Prescribing Poison:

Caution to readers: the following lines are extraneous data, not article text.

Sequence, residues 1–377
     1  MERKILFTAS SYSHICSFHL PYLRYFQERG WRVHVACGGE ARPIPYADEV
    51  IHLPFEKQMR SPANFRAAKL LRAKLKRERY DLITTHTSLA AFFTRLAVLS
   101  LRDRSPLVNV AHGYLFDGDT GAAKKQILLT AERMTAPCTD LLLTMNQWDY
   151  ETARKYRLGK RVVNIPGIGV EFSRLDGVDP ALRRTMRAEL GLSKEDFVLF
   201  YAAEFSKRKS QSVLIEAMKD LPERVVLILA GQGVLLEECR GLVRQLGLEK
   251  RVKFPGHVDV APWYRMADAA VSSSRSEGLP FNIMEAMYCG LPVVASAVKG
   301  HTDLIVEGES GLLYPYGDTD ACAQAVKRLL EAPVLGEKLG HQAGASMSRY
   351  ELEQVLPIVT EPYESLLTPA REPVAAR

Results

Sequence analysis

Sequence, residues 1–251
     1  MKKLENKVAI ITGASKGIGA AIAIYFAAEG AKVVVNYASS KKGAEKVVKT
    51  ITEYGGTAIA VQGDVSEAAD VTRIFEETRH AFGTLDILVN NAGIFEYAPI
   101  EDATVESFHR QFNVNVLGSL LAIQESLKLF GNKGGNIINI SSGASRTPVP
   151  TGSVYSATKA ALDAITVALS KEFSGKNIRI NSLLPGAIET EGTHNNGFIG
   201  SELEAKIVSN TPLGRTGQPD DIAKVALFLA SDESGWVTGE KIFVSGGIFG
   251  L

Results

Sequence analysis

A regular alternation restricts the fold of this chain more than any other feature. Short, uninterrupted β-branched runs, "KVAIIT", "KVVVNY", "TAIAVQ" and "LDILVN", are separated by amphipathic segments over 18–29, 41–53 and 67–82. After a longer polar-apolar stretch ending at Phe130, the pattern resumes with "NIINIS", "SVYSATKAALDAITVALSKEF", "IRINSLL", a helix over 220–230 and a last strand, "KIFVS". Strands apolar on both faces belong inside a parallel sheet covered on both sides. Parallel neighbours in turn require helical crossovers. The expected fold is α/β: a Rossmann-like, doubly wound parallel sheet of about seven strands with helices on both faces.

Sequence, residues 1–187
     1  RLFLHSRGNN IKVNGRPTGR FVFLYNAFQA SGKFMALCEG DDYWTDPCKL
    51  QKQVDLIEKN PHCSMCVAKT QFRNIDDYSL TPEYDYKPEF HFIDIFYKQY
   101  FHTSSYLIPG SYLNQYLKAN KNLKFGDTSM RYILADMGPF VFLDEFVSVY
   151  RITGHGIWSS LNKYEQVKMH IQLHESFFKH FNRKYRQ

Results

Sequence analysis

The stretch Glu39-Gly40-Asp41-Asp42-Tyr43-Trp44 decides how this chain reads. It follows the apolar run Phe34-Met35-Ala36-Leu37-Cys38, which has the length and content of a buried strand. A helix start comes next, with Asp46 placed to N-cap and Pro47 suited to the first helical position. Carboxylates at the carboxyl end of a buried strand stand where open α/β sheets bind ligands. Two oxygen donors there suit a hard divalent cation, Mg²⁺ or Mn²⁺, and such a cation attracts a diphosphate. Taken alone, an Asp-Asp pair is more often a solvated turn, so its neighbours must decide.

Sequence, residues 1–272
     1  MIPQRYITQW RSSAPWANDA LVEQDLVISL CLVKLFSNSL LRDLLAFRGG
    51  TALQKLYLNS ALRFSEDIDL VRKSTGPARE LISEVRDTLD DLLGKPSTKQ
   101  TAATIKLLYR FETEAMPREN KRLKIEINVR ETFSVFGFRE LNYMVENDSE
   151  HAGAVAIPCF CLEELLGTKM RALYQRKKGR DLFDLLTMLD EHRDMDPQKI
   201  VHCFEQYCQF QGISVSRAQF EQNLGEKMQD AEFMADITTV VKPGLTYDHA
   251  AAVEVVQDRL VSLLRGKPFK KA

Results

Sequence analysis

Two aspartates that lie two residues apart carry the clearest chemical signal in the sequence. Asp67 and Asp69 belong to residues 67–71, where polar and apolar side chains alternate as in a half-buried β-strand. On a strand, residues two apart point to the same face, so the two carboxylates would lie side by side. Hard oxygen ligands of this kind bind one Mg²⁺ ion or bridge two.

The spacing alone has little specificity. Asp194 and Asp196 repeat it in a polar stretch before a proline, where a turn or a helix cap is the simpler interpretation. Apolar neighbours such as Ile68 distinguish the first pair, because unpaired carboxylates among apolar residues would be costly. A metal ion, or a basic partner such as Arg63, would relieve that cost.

Why ObamaCare Delivers the Wrong Family Medicine “When it comes to the cost of health care,” President Obama declared in 2009, “this much is clear: the status quo is unsustainable for families, businesses and government. America spends nearly 50 percent more per person on health care than any other country.” Americans indeed heard a great many ideas from the Obama administration to reduce the staggering cost of care: establishing a public health-insurance program and then negotiating discounts with medical providers serving those insured by that program; reducing waste and fraud in medical care; investing in wellness initiatives that combat obesity, sedentary lifestyle, and smoking; guaranteeing access to preventative medicine; requiring transparent pricing of medical services; reducing unnecessary diagnostic tests; cutting administrative costs—and the list goes on. Indeed, Democratic Rep. John B. Larson of Connecticut indicated that lawmakers were casting their nets widely in searching for ways to contain runaway health-care costs. “All ideas are on the table,” he said, “even the bad ones.” The need to rein in health-care costs has indeed grown urgent. National expenditures have risen from $28 billion in 1960 to more than $2.5 trillion in 2009.[1] Even if numbers are adjusted for inflation, Americans have witnessed more than just a dramatic escalation of health-care costs. This has been an explosion. Yet despite claims to the contrary, the Obama administration and its allies never put all ideas for dealing with this explosion on the table. Indeed, some very good ideas—namely, those that would rein in health-care costs by reinforcing marriage and family life—never appeared on the Obama administration’s list at all. Moreover, some measures that the Obama team vigorously endorsed—and now is enacting—exacerbate the health-care crisis by further weakening marriage and family life. Congressman Larson was thus perhaps revealing more th
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